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You are here: /main/research expeditions/May 2005/Brooks Bank Mapping

Brooks Bank Mapping
by NWHI Mapping Team

Brooks Bank was recently mapped by the NOAA ship Hi`ialakai. The high resolution seafloor topography data reveals the flat-topped nature of many of the seamounts and atolls in the Northwestern Hawaiian Islands (NWHI) archipelago. These seamounts formed by erosion when their tops were near sea level. Brooks Bank has two distinct terraces at -75 and -125 m illustrating the affects of at least two distinct sea level stands on the Bank. There is over 500 m of relief between the top of Brooks Bank and the surrounding seafloor and large submarine canyons characterize the steep slopes below the incised edges of the Bank top.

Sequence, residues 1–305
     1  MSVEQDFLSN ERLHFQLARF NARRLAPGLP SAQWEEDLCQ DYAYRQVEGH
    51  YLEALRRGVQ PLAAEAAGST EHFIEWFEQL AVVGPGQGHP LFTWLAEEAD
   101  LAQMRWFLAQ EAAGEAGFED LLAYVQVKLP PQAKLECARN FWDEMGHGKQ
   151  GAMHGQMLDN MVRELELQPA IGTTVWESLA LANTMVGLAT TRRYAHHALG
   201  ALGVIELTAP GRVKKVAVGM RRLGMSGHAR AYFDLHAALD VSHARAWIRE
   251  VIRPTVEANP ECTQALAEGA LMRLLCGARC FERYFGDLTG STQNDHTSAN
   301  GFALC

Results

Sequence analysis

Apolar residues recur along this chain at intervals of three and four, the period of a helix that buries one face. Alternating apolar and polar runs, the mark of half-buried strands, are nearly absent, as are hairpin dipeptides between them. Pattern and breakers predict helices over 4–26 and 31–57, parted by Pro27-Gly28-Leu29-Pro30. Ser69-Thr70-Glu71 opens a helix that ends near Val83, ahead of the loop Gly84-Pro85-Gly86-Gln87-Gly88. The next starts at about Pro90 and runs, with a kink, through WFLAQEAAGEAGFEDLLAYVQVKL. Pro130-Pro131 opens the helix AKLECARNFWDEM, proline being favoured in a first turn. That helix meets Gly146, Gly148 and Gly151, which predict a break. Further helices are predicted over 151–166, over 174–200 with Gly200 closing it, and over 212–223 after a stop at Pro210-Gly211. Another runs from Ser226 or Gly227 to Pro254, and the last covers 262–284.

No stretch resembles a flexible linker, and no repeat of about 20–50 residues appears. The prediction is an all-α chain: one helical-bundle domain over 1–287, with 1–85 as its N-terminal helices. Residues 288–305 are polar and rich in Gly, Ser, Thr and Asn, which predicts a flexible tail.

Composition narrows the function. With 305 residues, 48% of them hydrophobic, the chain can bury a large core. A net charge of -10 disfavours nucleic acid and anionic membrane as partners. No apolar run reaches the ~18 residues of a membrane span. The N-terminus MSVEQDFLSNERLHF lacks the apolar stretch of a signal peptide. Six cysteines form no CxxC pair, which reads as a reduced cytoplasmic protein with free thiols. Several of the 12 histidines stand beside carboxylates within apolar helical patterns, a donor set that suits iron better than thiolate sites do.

Blocks of material at the base of the slopes are probably slumps or landslide deposits similar to material mapped around the Main Hawaiian Islands, believed to be deposited during catastrophic landslide events. Information gained from images like these give insight into the evolution of the Hawaiian Islands, provide base layers for benthic habitat mapping, and aid in NWHI Coral Reef Ecosystem Reserve boundary determination. NOAA is currently undertaking the enormous task of mapping the NWHI Coral Reef Ecosystem Reserve, the largest offshore protected area in the United States.

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